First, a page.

I try and interact with my pedals and use them as a tool and not rely on them. I?m trying to build songs on this record. I wanted to build songs that were complete songs and not just relying on looping. What happened when I was composing them, I was composing them and getting them down in ProTools, and then figuring out how to do them live. In the studio, because I had four days in there, at Electrical, and I was doing it on tape, I found that it was a very different process. It was different from playing live in that I had to get a good take on a lot of songs from beginning to end, whereas live, you make mistakes and stuff and people don?t generally notice; it?s more about the feel. And then also, I created all these different parts that I couldn?t play live but that I could do in the studio. Some songs on the record, like ?Waterwalk? and ?Everything I am Thinking,? I haven?t figured out how to play those live yet. A song like ?Too Heavy,? that one I actually pretty much recorded in the studio like I perform it live. But some of the others I feel like I was trying to get away from relying on those pedals so much and just compose the songs.

Was that something coming off the last record you specifically wanted to change?

Yeah, I?m totally limited by my pedals. If they ever didn?t work at a show, I?d be screwed. I also wanted to see if I could go beyond them. Not rely on my effects to convey something, and not just loop. I don?t want to be someone who?s out there just looping. I find that can be very uninteresting. It can be cool, but it?s really easy for it to be monochromatic and uninteresting. I wanted to make songs that were a little more complex than that. Maybe at some point I?ll want to play with live musicians so I don?t have to step on my pedals to get that one part of the song. That?s In Tunewhere I was going with this album.

I don?t get ?monochromatic? from the record at all.

That?s good, I didn?t want it to be that way. It?s weird. It?s very odd how you see the songs and how they?re perceived. Not to judge people or music or anything, but I know that I have watched performers who play that loop, and I?m aware of their looping. Or seeing someone with a laptop on stage with a backing track and thinking, ?Oh, that?s a backing track.? I don?t want people to feel that way when I play. I want to feel engaged with what I?m doing and my equipment and the audience. I want all that. If I have a backing track or a part on my loop station, I want to feel like I?m interacting with it or that it makes sense as part of the song, it?s not some static thing I?m playing over. It basically is, but I?m trying not make it sound like that (laughs). If possible, I don?t know.

Are you bored of playing by yourself?

No, not at all. I love it. I really love it. I think at some point it would be really fun to play and have other people on stage with me. I think you get so much out of that. But I don?t think I?m there yet. I like the opportunities and I think it?s cool to have the chance to just be up there with myself and it feels really personal if I can communicate with the audience in that way. I really like that.

At the same time, Chicago has such a scene built up of darker experimental music that there?s no shortage of people to play with.

I know. Definitely. Part of it too is I?m so used to doing it by myself. I?m sure there?s stuff right in front of my nose I don?t even see. Right now I?m just in the middle of trying to get this record out there and promote it. After I get back from this tour and when I start writing again, I?m gonna look for other people to work with, but I want to try and keep it Helen Money, but maybe bring a little bit of something else into it. It?s hard too when it?s right in your back yard. Sometimes it?s hard to appreciate things.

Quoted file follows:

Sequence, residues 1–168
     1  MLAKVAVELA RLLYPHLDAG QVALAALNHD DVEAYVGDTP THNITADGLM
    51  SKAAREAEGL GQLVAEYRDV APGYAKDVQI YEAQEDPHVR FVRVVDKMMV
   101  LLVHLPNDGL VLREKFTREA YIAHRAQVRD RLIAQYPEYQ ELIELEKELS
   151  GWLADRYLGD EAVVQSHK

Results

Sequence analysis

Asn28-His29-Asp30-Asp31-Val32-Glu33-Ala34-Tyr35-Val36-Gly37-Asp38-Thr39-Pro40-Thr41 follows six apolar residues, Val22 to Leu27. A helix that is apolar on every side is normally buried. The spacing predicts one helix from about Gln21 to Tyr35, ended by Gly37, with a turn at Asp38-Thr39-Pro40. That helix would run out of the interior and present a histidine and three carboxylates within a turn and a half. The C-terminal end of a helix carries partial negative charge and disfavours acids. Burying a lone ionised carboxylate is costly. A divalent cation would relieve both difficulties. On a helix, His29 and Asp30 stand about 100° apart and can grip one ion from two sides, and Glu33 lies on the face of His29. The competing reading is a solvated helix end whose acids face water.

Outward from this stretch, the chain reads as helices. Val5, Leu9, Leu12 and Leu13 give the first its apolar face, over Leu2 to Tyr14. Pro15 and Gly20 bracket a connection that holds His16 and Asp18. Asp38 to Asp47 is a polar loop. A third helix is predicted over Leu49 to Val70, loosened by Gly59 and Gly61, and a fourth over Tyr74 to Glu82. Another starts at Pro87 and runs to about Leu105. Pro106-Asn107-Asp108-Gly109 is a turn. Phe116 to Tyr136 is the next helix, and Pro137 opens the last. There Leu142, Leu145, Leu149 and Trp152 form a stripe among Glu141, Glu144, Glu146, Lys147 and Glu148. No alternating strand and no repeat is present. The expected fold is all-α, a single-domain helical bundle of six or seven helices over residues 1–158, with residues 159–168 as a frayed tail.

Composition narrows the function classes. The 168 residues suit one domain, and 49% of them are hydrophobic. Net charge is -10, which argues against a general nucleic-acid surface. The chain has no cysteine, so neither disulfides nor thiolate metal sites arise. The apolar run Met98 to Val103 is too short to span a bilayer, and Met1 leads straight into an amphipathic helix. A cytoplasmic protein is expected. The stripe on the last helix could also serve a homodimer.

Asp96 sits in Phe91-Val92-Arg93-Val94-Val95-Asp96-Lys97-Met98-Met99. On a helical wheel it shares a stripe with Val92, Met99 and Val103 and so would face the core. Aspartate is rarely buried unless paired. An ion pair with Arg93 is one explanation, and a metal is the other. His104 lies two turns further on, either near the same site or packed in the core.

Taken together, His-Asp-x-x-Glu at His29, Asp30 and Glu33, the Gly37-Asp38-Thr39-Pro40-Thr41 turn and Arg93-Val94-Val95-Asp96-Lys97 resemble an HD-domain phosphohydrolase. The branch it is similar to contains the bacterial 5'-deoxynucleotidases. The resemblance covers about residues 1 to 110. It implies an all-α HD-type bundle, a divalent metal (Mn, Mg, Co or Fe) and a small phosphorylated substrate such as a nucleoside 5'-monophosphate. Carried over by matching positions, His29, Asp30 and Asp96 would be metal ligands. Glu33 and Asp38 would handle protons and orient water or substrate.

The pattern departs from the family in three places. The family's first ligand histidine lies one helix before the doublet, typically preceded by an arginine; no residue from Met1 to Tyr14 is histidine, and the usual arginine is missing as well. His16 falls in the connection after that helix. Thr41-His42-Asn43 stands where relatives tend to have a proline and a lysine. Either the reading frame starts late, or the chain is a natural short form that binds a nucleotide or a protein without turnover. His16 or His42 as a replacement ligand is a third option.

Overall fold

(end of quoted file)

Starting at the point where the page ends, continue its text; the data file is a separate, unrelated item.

About the tour, is there any show in particular you?re looking forward to? Are there places more receptive to what you?re doing than others?

I can?t wait to play the Brooklyn show. I love those guys and I think that?s gonna be really fun, to share the stage with them. I can?t wait (laughs). I think their music?s the same vibe as what I?m doing and I?m really looking forward to that. I?m just looking forward to everyplace. I?ve only really toured for my stuff once before and one thing I really liked was how every city?s different. Every scene is different, all the people are different. I really enjoyed that, so I?m really looking forward to meeting the people at these clubs and playing for new people. I can?t wait to get my record out there (laughs). I feel really good about it and I?m really happy to be on this label, and I?m really looking forward to being able to sell my CD to people and have them listen to it. Every city is going to be different, and I know I can?t decide in my mind what it?s gonna be like. I?m gonna just try and do a great show and hopefully people will get it and like what I?m doing and more people will hear this record than the last one.

What are the plans for after the tour? I saw you?re playing the Asymmetry Festival?

Yeah, in Holland. I?ve never played in Europe, and I?ve got my friend Joe Lally in Italy. I might try and do some shows with him there. I?m getting some help from people as far as contacts, so I might try and do a little two or three week tour over there. I think that?ll be really fun. I?m just going to continue to promote this record, but hopefully start thinking about the next one. I?ve got a studio here in Chicago that?s a nice place to come write, I live in a great neighborhood, I?ve got a great boyfriend, so I feel like I?ve got a great life and I want to get my music out there and hopefully meet more musicians that maybe I?ll play with and do shows with.

Helen Money on MySpace

Radium/Table of the Elements

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One Response to “Helen Money Interview: Because “Alison Chesley and Friends” Just Wouldn’t Have Worked”

  1. FlyPR_Ilka says:

    Great interview! I think the festival in Europe is actually in Poland: headliners are Jesu, Esoteric, Electric Wizard